The reason, according to Sumanth Raghavendra - in his post titled "Why a prize idiot like Rahul Yadav is precisely the kind of startup hero India deserves…and exactly the opposite of the one it needs" - is our "obsession with funding".
First a quick extract from Sumanth's post:
Despite all the buzz around India having arrived as a hot startup destination, there have been precious few aspirational startup exemplars since the halcyon days of Sabeer Bhatia and Narayan Murthy. A false dawn if ever there was one…
Equally tragic is the fact that folks who could potentially be startup heroes—a Sachin Bansal or a Vijay Shekhar Sharma—seem to be idols with feet of clay…either
backing the likes of Rahul Yadav with angel investment to continue this cringe-worthy charade of faux startup-ism or needing him to fill seats at their own events.
How I wish the media highlighted the story of a Santosh Panda who has diligently persevered to build Explara over several years with almost zero funding…or of a Nikhil Pahwa who selflessly fights for a public good like net neutrality at a great personal cost…or a Girish Mathrubootham who is pioneering a seminal “value arbitrage” competitive differentiator that other Indian SaaS startups would do well to emulate.
Clearly, Sumanth hasn't penned this stuff to win new friends! But is he right in saying that Indians are obsessed with funding - so much so that it "is more akin to a full-on, shameless public orgy"?
As the first in the country to create a business around funding announcements, we at Venture Intelligence are admittedly somewhat biased on the topic. (Venture Intelligence tracks private company financials, transactions - Private Equity/Venture Capital, M&A, etc. - and their valuations for our bread-and-butter. And getting paid by investors to do this - since 2002.) Having said that, hasn't Girish Mathrubootham - who Sumanth includes among the list of good guys - by raising as much as $94 million for Freshdesk, dealt with venture funding for what it is: a financing tool (nothing more, nothing less) that's available to be used by entrepreneurs if they so choose? Despite having been cut from the Zoho cloth, Girish has been pragmatic in not making "no VC funding or exit for me" into, well, an obsession.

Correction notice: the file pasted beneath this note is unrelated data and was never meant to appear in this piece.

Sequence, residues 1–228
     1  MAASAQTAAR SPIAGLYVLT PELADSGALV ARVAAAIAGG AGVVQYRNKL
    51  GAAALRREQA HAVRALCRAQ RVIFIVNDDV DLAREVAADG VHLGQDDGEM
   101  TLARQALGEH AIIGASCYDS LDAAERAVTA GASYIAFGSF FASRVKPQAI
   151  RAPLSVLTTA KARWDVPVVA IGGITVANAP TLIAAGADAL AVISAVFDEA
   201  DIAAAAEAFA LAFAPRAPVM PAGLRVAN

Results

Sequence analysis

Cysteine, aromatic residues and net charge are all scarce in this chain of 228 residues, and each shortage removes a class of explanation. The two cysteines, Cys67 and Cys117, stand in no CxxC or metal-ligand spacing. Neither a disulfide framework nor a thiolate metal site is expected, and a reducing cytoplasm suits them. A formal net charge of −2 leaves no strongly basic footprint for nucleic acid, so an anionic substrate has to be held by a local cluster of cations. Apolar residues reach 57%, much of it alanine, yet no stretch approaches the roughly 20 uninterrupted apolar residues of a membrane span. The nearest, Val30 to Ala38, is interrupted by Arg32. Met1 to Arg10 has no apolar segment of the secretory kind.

For entrepreneurs who do raise funding, it makes tremendous sense to tomtom the event. As Sumanth has observed, the media loves funding stories. In fact, you just can't pay the media (officially at least) to talk about your great product - and consequently miss the opportunity to reach out to their audiences - than when it's coupled with a funding announcement.
So, why does the media obsess about funding?
Because funding provides a "chaapa" (ie, a seal or a way to "Cover Your Ass") to talk about a startup - since someone has actually cut them a cheque. Especially with Early Stage companies, where financial data does not provide much to go with, the funding "chaapa" counts for much among journalists, even the less lazy variety. Media visibility can also be a double edged sword: when things go south, the media will be quick to pull down the very startups they've celebrated the most. If the funding tap does run dry, going by the experience of 2000-01, we can bet that all the cover stories, special pages and awards events focused on startups, will get pulled. So, it makes sense for startups to bask in all the funding driven free PR that they can get, while the media's obsession is still on.
Regardless of the disagreement on the obsession factor, I loved Sumanth's piece for calling, ahem, "a spade a spade". It is such independent thinking and fearless commentary by folks like Sumanth, Mahesh Murthy, Alok Kejriwal, Anand Lunia, Sridhar Vembu and Haresh Chawla (an angel investor in Housing.com who's penned a very different sounding piece on Rahul Yadav) which makes tracking the startup ecosystem truly interesting.
April 2015 (Source: The Quint)
December 2015 (Source: Bizztor)